Join us and get access to hundreds of tutorials and a community of expert Pythonistas.

Unlock This Lesson

This lesson is for members only. Join us and get access to hundreds of tutorials and a community of expert Pythonistas.

Unlock This Lesson

Hint: You can adjust the default video playback speed in your account settings.
Hint: You can set the default subtitles language in your account settings.
Sorry! Looks like there’s an issue with video playback 🙁 This might be due to a temporary outage or because of a configuration issue with your browser. Please see our video player troubleshooting guide to resolve the issue.

Style Your Dash Application

00:00 Styling your Dash application. Dash provides you with a lot of flexibility to customize the look of your application. You can use your own CSS or JavaScript files, set a favicon, and embed images, amongst other advanced options.

00:18 In this section, you’ll learn how to apply custom styles to components, and then you’ll style the dashboard you built in the previous section. You can style components in two ways: using the style argument of individual components or providing an external CSS file.

00:36 Using the style argument to customize your dashboard is straightforward. This argument takes a Python dictionary with key-value pairs consisting of the names of CSS properties and the values you want to set.

00:50 When specifying CSS properties in the style argument, you should use mixedCase syntax instead of hyphen-separated words. For example, to change the background color of an element, you should use backgroundColor—and not background-color—as seen onscreen.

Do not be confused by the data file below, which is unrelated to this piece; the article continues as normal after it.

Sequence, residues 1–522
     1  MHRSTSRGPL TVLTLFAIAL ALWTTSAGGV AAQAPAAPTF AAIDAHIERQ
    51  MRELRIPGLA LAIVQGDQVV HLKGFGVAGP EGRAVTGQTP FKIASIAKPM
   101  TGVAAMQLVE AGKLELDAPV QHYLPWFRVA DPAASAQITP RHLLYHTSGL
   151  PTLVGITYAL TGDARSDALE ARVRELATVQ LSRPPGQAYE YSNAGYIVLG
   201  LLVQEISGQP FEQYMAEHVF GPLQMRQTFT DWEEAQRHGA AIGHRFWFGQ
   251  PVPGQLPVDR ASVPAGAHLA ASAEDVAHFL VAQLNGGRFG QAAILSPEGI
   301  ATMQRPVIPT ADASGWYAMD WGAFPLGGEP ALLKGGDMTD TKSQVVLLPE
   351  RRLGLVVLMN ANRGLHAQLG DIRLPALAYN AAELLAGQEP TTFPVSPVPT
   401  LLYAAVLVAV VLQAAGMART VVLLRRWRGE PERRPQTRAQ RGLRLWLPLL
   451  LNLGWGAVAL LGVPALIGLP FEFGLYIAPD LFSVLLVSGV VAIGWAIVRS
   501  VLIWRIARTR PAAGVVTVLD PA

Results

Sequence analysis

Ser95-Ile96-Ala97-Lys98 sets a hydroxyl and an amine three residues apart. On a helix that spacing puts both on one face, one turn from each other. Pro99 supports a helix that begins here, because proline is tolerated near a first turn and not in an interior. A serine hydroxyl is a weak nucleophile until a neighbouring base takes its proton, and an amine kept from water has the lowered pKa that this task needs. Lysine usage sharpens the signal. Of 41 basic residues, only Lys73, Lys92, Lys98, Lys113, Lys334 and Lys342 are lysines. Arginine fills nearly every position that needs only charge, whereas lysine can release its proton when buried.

01:07 If you wanted to change the style and color of the <h1> element in app.py, then you could set the element’s style argument as seen onscreen. Here, style is provided a dictionary with the properties and the values you want to set for them. In this case, the specified style is to have a red heading with a font size of 48 pixels.

01:28 The downside of using the style argument is that it doesn’t scale well as your code base grows. If your dashboard has multiple components that you want to look the same, then you’ll end up repeating a lot of your code.

01:40 So instead, you can use a custom CSS file. If you want to include your own local CSS or JavaScript files, then you need to create a folder called assets/ in the root directory of your project and save the files you want to add there. By default, Dash automatically serves any file included in assets/.

02:00 This will also work for adding a favicon or embedding images, as you’ll see a bit later on.

02:07 You can then use the className or id arguments of the components to adjust their styles using CSS. These arguments correspond with the class and id attributes when they’re transformed into HTML tags.

02:21 In the next section of the course, you’ll see how this applies in practice, starting out by styling the header section of the dashboard.

Become a Member to join the conversation.